Parking Lot Scam Alert! Crooks on Patrol for Victims

Parking Lot Scams

8 of the most common types of parking lot scam tricks — and how to spot them: Internet Scambusters #355

If you haven’t already been targeted in a parking lot scam, chances are that you will be.

Whether they’re posing as parking attendants, auto mechanics or accident victims, crooks have a whole line of tricks they can pull as you park or exit.

In this issue, we’ve identified the 8 most common parking scams you may encounter, with some useful tips on how to spot and avoid them.

Let’s get started…

Parking Lot Scam Alert! Crooks on Patrol for Victims

There’s a long-standing story, currently circulating on the Internet, about a famous parking lot scam outside a zoo in Bristol, England.

According to this tale, the lot attendant failed to show up for work one day and the zoo contacted the city, believing they employed the absentee. But the city said the zoo was the employer.

Turned out that neither employed or knew the identity of the attendant, who had turned up seven days a week for years to collect about $10 a piece from zoo visitors as they parked their autos, thereby pocketing a multi-million dollar fortune.

OK, time to fess up: It’s a great story but it’s not true — though we’ll be surprised if it hasn’t popped into your inbox in the past few months.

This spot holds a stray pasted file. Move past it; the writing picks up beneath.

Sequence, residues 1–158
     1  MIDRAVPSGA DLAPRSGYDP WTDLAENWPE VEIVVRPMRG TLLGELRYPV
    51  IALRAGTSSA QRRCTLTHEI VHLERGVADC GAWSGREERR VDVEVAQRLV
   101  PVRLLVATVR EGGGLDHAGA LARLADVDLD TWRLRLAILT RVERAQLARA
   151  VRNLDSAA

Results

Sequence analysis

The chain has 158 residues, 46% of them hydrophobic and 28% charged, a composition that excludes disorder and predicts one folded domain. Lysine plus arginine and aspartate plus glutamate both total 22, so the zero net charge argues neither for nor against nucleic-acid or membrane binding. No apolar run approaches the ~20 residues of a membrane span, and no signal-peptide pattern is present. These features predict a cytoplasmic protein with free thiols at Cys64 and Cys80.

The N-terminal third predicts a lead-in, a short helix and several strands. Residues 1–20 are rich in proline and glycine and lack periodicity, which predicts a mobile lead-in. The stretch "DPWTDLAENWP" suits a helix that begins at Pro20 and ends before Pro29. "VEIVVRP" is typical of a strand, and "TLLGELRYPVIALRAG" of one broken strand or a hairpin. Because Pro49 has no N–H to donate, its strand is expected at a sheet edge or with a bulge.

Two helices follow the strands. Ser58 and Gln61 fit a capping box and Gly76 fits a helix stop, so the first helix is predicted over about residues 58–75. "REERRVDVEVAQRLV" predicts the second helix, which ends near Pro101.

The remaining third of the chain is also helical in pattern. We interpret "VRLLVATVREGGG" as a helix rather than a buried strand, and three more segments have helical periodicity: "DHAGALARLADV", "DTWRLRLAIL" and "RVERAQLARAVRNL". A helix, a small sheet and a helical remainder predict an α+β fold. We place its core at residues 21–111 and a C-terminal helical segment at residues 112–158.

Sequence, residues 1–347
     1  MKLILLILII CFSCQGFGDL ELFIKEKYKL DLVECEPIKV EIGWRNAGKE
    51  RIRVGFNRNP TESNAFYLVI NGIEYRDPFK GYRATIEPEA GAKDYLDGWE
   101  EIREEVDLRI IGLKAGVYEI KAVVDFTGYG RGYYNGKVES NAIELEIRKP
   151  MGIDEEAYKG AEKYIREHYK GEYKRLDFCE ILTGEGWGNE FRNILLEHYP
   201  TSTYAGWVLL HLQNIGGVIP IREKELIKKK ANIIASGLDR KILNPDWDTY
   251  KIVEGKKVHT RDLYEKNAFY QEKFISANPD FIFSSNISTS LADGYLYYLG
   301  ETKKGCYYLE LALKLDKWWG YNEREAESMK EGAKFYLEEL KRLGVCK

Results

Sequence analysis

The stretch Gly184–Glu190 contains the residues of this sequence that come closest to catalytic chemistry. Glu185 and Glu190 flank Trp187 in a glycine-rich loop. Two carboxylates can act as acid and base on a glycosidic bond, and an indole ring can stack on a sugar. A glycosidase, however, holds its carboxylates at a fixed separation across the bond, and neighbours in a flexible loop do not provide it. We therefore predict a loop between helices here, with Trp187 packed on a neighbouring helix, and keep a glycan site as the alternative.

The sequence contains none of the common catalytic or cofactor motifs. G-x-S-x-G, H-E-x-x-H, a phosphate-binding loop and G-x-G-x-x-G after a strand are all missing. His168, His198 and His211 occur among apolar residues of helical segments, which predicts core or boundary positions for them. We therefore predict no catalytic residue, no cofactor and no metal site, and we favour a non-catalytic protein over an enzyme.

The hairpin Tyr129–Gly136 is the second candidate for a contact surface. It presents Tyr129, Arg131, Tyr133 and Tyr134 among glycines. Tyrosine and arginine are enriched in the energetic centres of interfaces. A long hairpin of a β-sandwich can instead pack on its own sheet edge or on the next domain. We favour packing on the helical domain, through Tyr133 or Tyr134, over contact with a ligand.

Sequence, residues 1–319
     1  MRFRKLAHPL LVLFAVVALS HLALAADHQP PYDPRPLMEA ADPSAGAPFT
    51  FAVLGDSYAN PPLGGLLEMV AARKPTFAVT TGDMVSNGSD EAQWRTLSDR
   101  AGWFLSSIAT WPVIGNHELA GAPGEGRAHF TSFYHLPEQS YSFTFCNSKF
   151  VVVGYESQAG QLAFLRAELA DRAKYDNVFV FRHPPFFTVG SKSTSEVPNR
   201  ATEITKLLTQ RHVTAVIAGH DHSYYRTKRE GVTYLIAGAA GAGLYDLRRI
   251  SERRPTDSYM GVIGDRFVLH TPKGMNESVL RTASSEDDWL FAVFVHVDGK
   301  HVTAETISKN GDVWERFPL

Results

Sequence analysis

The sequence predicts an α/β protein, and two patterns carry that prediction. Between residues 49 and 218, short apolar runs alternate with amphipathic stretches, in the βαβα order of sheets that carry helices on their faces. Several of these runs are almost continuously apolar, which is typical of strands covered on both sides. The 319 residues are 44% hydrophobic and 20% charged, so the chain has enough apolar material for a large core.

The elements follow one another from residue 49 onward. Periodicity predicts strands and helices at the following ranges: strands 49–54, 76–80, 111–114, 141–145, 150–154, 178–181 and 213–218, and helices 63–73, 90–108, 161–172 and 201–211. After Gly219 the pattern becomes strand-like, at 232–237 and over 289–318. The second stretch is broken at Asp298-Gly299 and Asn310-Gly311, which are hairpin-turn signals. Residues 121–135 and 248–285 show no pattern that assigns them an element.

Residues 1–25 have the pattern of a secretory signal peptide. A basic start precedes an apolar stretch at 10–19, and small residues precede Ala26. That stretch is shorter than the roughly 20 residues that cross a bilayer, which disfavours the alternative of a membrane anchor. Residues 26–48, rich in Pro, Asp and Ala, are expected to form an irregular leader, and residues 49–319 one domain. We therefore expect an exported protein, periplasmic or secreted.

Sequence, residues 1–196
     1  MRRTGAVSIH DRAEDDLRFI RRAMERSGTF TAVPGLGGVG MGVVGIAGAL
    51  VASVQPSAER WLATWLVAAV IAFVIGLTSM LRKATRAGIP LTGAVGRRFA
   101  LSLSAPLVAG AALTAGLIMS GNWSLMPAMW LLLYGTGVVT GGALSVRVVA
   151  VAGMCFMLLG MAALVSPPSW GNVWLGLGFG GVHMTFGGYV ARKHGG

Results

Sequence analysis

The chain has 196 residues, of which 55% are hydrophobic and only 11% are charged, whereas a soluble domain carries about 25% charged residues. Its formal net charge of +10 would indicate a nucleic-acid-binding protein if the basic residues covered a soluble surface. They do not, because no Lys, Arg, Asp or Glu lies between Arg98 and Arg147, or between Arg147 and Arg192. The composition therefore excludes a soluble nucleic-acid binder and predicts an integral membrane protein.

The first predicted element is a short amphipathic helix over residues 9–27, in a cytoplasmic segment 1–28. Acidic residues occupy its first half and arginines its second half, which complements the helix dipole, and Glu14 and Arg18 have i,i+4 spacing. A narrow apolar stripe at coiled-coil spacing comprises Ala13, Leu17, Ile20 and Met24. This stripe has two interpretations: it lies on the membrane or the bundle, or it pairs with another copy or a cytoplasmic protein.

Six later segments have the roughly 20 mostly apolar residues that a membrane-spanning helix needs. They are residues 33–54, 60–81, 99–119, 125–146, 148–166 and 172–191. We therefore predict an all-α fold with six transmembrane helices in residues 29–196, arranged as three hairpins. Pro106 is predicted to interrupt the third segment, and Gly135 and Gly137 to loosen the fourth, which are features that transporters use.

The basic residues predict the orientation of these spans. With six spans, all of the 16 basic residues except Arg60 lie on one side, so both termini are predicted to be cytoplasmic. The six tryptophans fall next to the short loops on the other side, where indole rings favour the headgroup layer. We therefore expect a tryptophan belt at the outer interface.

It’s like that other well-known hoax story about parking lot scam artists who invite you to smell some “perfume” they’re selling. Supposedly it’s really ether. You pass out and they rob you. You can read more about the perfume hoax on our site.

But it prompted us to look more closely at the issue of genuine parking lot scams, which gets our focus this week.

That’s because parking lots or car parks are among the most common outdoor locations for scams. At some time in your driving life you’re almost certain to encounter one of the following common parking lots scams:

Phony parking lot attendant

Well, that Bristol story might not be true but there are plenty of other parking lot scammers passing themselves off as attendants.

They come in a couple of guises:

  • You park in an unfamiliar place (especially when abroad) and an “attendant” (maybe uniformed or not) approaches, demands a parking fee and gives you some kind of ticket (sometimes an expired one from a previous user).
  • You attend an outdoor function and get directed into what appears to be a stand-by parking area that may be someone’s driveway or the parking lot of a nearby business. You pay a fee but may return to find your car has been towed, and the “attendant” has disappeared.